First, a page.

Celebrating Ed Abbey’s Birthday

categories: Cocktail Hour


Photographs courtesy of Milo McCowan and Lyman Hafe

Photographs courtesy of Milo McCowan and Lyman Hafe

Today is Ed Abbey’s birthday and Orion magazine is helping celebrate by running both an article and a blog of mine, both excerpts from my forthcoming book, All the Wild that Remains: Edward Abbey, Wallace Stegner and the American West.


Here’s an excerpt of Orion’s blog excerpt to give you a taste:


It is a tricky business being an Ed Abbey fan these days. We shift toward uneasy ground. Because Abbey is no longer just a writer whose books you read; he is a literary cult figure who has followers. The skeptical reader recoils: “Oh, I don’t want to be part of that.” But clearly Abbey lives, at least in the West. Fresh off the press the same week I visited Ken was an article in the Mountain Gazette, a journal in which Abbey himself often published, in which M. John Fayhee, the editor, took no small delight in mocking the Abbey fandom: “They wore clothing that looked like what Abbey wore. They drove vehicles that would meet with Abbey’s approval. They tossed beer cans out of truck windows because Abbey did.” This hit a little close to home. I thought back to my days in Eldorado Springs and remembered the cans of refried beans I ate, part of the official Ed Abbey diet. I fear I was, unbeknownst to myself, a sort of groupie.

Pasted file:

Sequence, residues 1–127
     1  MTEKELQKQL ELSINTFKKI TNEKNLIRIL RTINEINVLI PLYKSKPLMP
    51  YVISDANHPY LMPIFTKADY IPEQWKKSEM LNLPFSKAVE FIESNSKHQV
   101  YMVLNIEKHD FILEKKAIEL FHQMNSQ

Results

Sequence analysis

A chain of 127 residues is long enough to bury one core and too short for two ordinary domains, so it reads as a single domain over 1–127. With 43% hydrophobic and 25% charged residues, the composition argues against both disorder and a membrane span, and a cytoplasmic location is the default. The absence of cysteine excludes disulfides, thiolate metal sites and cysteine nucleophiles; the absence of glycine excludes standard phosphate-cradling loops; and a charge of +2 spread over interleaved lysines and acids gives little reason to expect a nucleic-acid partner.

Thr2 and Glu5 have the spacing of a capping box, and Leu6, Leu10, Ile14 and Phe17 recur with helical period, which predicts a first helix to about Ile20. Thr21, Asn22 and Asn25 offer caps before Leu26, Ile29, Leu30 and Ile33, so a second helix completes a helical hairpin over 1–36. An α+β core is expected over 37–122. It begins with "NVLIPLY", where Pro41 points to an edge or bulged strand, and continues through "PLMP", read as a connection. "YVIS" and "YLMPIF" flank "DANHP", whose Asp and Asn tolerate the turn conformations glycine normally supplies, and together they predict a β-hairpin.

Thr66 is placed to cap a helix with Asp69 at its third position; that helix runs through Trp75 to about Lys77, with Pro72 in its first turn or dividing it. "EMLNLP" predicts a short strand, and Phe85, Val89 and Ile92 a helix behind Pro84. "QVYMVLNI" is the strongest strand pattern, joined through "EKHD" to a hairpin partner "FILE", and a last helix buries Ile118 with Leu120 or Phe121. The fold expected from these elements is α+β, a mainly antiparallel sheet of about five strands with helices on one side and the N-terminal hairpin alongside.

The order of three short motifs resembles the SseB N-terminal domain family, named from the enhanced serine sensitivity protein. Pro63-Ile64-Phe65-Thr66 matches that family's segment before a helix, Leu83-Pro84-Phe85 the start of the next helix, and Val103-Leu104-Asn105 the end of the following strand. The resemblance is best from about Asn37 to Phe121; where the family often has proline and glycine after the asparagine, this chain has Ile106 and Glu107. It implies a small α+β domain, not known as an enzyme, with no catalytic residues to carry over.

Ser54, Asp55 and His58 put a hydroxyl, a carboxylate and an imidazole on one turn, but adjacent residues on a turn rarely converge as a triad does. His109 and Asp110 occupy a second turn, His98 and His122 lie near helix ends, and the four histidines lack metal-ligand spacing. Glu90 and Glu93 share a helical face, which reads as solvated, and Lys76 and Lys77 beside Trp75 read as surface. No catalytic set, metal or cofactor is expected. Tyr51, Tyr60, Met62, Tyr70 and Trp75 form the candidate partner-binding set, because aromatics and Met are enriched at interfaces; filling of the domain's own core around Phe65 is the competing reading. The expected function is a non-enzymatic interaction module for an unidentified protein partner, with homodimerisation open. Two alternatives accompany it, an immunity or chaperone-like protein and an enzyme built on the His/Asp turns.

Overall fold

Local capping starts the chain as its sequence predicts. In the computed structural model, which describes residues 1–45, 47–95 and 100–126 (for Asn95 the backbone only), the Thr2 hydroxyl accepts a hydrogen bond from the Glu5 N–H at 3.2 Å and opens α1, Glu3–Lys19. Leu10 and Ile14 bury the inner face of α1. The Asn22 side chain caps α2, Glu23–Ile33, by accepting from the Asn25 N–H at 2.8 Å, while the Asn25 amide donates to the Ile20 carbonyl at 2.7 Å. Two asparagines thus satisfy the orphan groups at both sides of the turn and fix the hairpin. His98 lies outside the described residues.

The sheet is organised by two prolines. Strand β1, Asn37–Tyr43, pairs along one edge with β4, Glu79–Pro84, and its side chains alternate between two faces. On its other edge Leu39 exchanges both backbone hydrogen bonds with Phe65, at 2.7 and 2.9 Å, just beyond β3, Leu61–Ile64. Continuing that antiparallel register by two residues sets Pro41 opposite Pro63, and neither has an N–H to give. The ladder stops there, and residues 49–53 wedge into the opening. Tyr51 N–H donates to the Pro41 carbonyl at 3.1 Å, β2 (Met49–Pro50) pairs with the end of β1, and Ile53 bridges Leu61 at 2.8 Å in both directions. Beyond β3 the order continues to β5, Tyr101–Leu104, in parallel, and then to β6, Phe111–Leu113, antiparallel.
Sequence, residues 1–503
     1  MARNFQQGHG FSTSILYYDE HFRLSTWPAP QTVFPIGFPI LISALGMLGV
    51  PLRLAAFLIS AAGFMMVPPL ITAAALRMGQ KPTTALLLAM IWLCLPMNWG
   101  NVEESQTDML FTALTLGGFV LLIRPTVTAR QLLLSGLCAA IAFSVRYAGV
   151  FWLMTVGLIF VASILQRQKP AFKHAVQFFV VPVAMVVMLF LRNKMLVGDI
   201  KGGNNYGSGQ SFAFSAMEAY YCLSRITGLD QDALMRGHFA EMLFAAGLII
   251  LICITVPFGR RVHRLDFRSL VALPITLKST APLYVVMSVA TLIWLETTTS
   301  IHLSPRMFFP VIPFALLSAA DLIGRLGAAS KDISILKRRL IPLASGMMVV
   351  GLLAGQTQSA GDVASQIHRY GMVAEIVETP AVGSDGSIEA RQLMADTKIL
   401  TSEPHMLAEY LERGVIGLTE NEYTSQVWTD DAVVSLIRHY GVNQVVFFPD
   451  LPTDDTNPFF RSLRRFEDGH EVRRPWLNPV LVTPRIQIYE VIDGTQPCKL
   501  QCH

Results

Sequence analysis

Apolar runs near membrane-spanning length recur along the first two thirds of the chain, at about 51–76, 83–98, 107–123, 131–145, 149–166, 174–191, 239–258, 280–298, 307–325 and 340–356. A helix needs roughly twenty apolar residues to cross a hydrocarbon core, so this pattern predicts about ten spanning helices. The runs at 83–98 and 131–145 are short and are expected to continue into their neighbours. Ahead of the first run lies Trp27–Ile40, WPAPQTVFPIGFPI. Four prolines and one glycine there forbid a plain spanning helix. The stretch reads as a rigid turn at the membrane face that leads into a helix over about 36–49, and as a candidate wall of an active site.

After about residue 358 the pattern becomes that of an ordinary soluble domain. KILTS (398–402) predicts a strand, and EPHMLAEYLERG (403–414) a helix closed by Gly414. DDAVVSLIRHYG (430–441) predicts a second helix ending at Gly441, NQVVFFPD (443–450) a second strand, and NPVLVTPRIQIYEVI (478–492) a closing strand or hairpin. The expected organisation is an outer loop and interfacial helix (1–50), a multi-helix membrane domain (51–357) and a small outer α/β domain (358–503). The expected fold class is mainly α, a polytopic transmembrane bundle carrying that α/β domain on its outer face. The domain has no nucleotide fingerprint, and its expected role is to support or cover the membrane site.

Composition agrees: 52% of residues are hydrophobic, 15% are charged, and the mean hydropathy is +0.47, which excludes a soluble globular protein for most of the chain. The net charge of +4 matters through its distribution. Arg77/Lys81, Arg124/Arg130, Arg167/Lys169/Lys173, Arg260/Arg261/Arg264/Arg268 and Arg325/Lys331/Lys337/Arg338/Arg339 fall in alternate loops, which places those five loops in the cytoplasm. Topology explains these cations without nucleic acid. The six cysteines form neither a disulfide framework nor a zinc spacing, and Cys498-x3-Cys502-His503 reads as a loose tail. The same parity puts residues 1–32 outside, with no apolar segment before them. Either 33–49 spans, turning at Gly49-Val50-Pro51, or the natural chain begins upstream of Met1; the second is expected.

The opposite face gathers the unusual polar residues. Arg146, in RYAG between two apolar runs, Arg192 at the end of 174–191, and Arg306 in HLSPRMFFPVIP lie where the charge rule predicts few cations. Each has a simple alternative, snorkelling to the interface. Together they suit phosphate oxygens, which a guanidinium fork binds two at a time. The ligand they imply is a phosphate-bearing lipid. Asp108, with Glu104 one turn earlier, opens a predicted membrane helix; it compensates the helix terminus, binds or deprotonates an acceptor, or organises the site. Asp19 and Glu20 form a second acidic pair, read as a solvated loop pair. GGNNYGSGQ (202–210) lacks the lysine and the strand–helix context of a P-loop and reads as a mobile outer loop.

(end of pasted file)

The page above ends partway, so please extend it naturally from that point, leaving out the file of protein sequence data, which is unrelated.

It is easy to mock the more rampant Abbeyites. But the tendency to attach ourselves to writers is a not entirely unhealthy thing. Fandom may be laughable but it has its purposes. Stegner wrote of Bernard DeVoto that “father hunting had almost been a career for him.” He meant that DeVoto sought out older writers, and was eager to sit at their knees. He did this with Robert Frost, whom he first believed was “living proof that genius could be sane,” but whom he eventually broke from with the words: “You’re a good poet, Robert. But you’re a bad man.” Stegner in turn would look to DeVoto as a model, a father of sorts, though a father with the wild streak of an adolescent son. It is easy to dismiss these relationships as mere hero worship, as Oedipal. But what underlies it is something better, I think. A hunger for models. For possibilities. For how to be in the world.


To read the whole blog click On the Tricky Business of Being an Ed Abbey Fan

To read the Orion article click on Edward Abbey’s FBI file.

To pre-order the book click on All the Wild That Remains.

I know that’s a lot of clicking. Apologies.


My beautiful picture


  1. Dancing with the Ed…my ravens and I want this.

  2. Dave writes:

    Sage. Agreed. I noticed that too.

  3. Sage writes:

    Happy birthday, Ed… I am eager to read your book. Maybe I am off-base, but I wonder if Abbey didn’t end up reminding Stegner of his father? Although I would having meeting either men, I really would like to have met Stegner.